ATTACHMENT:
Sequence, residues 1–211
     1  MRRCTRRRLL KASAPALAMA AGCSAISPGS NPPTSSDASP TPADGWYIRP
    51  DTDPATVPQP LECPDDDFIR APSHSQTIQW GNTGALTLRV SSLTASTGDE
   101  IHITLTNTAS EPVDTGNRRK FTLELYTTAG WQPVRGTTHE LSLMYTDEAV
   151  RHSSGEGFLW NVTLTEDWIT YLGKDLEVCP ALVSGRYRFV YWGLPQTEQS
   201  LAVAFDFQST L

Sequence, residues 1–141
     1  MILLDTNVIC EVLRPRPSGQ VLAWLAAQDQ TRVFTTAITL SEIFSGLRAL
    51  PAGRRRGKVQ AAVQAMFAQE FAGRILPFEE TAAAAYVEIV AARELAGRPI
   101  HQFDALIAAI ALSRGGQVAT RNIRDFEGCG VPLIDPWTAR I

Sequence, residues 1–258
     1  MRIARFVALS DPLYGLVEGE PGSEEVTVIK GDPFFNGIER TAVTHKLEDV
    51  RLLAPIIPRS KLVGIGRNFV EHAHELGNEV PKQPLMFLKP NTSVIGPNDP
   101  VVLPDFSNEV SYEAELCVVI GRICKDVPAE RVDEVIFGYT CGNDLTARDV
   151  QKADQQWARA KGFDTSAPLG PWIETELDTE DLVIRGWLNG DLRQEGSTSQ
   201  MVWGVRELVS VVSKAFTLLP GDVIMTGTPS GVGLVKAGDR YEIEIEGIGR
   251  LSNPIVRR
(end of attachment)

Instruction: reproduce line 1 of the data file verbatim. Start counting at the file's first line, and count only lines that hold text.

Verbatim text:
Sequence, residues 1–211